The above-described flowing behavior of the liquid crystal through the injection step is move noticeable in case where an interfacial tension between the liquid crystal and the inner surface of the cell at the time of injection becomes larger.
The above-described method as disclosed in JP-A 62-299818 wherein a pattern for changing the moving direction of a liquid crystal is formed by a sealing agent is liable to invite a spatial loss because the liquid crystal goes around the pattern of the sealing agent. Further, in the case of using a ferroelectric liquid crystal generally having a large viscosity, not only an injection time thereof is considerably increased but also an alignment state thereof is disordered (or impaired) in the vicinity of the pattern.
Further, in case where a similar electrode pattern in parallel with an electrode pattern in a display region (pixel region)is formed in a region other than the display region as described in JP-A H5-100235, the moving (injection) speed of a liquid crystal within a cell becomes constant, thus obviating a charge in moving speed between the display region and the remaining region at an initial stage of the injection.
In this case, however, a part of the liquid crystal contacting a sealing agent is liable to have a larger moving speed because of an interfacial tension between the part of the liquid crystal and the sealing agent, thus forming a forward end in the form of an arc both ends of which are located forward. As a result, the liquid crystal is liable to have an ununiform alignment at the remotest portion from the injection portion some cases.
An object of the present invention is to provide a liquid crystal device capable of performing uniform liquid crystal injection to allow a uniform alignment state of liquid crystal molecules over the entire cell.
Another object of the present invention is to provide a process for producing the liquid crystal device.
According to the present invention, there is provided a liquid crystal device, comprising: a pair of oppositely disposed substrates each provide with an electrode in the form of stripes, and a liquid crystal layer having a prescribed thickness and comprising a liquid crystal disposed in a region which is enclosed by the pair of substrates and a sealing agent disposed so as to form a peripheral wall having an injection port, the device having an effective optical modulation region and a peripheral region including the injection port other than the optical modulation region; wherein
on at least one substrate, at least one elongated projection having a height smaller than the thickness of the liquid crystal layer is formed in the peripheral region including the injection port and in a direction parallel to the stripe electrode on the same substrate and perpendicular to a liquid crystal injection direction.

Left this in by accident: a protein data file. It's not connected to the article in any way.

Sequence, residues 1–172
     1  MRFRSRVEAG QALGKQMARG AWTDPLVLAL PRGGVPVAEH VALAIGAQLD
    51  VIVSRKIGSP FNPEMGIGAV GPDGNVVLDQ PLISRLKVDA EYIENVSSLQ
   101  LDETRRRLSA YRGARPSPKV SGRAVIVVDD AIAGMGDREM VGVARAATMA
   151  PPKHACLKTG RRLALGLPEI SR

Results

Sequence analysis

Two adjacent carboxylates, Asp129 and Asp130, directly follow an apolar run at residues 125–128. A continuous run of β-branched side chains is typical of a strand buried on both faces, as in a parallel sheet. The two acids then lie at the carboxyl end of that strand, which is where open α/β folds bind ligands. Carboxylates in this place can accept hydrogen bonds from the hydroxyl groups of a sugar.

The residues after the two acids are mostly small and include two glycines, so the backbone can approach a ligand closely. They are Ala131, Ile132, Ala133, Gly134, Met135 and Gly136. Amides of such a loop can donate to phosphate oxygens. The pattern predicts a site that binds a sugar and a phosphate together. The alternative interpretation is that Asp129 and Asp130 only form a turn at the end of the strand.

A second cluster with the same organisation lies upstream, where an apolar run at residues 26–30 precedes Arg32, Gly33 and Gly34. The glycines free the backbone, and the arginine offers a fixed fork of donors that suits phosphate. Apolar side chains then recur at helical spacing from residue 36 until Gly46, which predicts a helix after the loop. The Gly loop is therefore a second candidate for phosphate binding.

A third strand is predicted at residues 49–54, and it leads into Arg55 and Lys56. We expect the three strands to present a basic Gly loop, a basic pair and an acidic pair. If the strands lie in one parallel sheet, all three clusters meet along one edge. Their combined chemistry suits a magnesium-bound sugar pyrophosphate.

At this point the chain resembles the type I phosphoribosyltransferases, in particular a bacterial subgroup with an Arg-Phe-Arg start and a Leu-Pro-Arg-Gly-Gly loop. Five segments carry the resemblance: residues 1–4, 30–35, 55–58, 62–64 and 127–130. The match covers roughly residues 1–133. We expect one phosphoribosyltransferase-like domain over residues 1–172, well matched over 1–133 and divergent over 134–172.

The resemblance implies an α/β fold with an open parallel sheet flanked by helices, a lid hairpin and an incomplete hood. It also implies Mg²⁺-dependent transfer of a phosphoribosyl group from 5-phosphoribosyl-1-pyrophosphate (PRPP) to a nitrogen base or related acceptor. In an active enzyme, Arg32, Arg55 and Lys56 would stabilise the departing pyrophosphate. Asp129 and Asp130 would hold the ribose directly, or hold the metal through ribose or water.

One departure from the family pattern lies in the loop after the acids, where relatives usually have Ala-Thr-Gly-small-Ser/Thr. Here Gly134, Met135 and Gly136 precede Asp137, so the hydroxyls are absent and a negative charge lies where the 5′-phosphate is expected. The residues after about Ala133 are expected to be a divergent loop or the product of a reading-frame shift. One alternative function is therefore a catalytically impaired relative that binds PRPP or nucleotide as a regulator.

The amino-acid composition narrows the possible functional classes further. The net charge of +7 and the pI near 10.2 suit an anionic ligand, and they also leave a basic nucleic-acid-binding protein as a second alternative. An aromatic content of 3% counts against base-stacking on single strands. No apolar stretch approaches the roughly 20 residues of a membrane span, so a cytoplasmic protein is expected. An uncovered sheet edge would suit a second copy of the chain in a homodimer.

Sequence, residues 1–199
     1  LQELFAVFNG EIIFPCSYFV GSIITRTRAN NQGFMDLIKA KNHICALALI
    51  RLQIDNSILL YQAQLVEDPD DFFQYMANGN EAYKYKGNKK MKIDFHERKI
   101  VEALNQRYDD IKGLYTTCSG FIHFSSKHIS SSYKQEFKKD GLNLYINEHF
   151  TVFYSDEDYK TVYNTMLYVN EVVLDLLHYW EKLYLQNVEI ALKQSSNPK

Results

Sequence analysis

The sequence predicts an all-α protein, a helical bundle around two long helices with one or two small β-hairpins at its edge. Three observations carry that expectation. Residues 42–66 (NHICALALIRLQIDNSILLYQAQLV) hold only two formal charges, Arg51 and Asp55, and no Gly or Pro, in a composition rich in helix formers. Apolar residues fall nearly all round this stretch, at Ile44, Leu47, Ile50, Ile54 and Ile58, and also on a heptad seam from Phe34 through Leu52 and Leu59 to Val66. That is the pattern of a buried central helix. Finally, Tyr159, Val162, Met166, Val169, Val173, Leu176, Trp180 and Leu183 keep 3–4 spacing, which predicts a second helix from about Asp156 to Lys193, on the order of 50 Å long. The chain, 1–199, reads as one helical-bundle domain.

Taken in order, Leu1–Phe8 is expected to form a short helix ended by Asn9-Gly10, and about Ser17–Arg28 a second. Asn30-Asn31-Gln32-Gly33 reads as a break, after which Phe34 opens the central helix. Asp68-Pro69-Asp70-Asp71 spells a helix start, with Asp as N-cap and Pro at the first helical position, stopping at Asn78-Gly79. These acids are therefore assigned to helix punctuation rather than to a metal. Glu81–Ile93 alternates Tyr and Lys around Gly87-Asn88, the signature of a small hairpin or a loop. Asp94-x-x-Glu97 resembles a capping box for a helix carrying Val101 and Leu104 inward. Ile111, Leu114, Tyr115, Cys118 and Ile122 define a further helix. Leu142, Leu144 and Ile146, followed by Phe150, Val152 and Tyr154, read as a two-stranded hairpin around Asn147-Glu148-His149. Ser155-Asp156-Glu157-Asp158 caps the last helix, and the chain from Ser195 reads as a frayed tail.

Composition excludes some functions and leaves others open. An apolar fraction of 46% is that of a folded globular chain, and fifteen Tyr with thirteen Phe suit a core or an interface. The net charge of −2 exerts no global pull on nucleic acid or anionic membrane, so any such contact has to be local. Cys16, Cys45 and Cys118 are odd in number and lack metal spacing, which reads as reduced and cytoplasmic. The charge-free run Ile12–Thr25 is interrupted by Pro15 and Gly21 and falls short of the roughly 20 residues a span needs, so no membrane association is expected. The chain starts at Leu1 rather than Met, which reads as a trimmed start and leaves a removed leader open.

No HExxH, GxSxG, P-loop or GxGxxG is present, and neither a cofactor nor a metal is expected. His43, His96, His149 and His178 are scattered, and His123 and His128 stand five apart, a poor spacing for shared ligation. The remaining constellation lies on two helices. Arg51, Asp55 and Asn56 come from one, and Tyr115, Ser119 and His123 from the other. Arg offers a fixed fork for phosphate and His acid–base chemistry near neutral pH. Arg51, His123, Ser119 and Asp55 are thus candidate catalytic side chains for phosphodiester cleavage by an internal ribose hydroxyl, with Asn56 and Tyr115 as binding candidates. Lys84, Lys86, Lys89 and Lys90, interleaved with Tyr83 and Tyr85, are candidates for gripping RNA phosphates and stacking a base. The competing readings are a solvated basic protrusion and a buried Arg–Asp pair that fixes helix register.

According to the present invention, there is also provided a process for producing a liquid crystal device, comprising the steps of:
providing a first substrate with an electrode in the form of stripes disposed in an effective optical modulation region and at least one elongated projection having a prescribed height disposed in parallel with the electrode and in a peripheral region other than the optical modulation region,
providing a second substrate with an electrode in the form of stripes disposed at least in an effective optical modulation region,
applying the first and second substrates to each other with a sealing agent disposed to leave an injection port and a gap between the substrates so that the above at least one elongated projection is located in a direction perpendicular to a liquid crystal injection direction, and
injecting a liquid crystal into the gap between the substrate to form a liquid crystal layer having a thickness larger than the height of said at least one elongated projection.
By providing the above-described at least one elongated projection in the peripheral region, uniform injection can be realized since it is possible to appropriately control injection conditions of the liquid crystal, such as injection speed and injection direction.
These and other objects, features and advantages of the present invention will become more apparent upon a consideration of the following description of the preferred embodiments of the present invention taken in conjunction with the accompanying drawings.
FIGS. 1 and 2 are partial plan views of liquid crystal devices according to the present invention used in Experiments 1 an 3, respectively.
FIGS. 3-6 are partial plan views of a liquid crystal device for illustrating a flowing behavior of liquid crystal during an injection step, respectively.
FIG. 7 is a partial plan view of a liquid crystal device for illustrating defects (voids) after injection operation.
The liquid crystal device according to the present invention is characterized by having at least one elongated projection disposed in a peripheral region on at least one substrate in the vicinity of an injection port (to be sealed up after injection of a liquid crystal) so that the elongated projection extends in a direction perpendicular to a liquid crystal injection direction.